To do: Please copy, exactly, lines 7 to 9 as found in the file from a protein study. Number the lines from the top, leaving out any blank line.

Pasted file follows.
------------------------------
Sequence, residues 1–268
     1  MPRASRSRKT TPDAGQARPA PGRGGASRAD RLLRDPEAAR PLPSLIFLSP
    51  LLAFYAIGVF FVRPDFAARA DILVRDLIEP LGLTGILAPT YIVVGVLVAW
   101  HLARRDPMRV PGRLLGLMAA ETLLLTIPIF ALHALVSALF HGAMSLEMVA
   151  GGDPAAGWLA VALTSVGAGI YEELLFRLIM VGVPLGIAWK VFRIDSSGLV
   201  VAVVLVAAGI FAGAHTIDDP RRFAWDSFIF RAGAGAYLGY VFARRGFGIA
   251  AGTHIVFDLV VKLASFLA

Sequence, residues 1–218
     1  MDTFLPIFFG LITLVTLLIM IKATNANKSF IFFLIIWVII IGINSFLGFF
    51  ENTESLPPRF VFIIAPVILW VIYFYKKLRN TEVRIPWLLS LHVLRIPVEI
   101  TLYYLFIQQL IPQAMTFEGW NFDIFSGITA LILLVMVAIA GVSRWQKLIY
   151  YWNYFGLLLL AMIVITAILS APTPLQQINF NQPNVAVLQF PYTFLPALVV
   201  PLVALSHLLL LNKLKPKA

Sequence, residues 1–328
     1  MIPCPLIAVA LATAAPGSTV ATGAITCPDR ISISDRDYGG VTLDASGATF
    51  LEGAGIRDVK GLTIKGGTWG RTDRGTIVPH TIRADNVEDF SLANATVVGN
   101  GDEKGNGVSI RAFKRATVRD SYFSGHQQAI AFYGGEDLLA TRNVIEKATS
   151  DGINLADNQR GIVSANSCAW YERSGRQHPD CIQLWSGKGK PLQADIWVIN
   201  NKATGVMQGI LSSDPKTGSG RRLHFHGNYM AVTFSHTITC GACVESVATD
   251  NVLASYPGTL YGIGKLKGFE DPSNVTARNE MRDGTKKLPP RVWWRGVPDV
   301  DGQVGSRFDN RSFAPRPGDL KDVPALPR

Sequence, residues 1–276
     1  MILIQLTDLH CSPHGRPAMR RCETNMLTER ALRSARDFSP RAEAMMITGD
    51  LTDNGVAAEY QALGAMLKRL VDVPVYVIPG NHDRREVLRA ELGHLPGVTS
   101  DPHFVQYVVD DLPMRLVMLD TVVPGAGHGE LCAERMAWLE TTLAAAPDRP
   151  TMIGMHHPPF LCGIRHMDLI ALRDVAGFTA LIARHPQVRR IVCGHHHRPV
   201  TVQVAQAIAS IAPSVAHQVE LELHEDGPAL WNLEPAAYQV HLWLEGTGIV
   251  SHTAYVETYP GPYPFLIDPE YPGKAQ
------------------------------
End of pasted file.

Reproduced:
   251  AGTHIVFDLV VKLASFLA

Sequence, residues 1–218
     1  MDTFLPIFFG LITLVTLLIM IKATNANKSF IFFLIIWVII IGINSFLGFF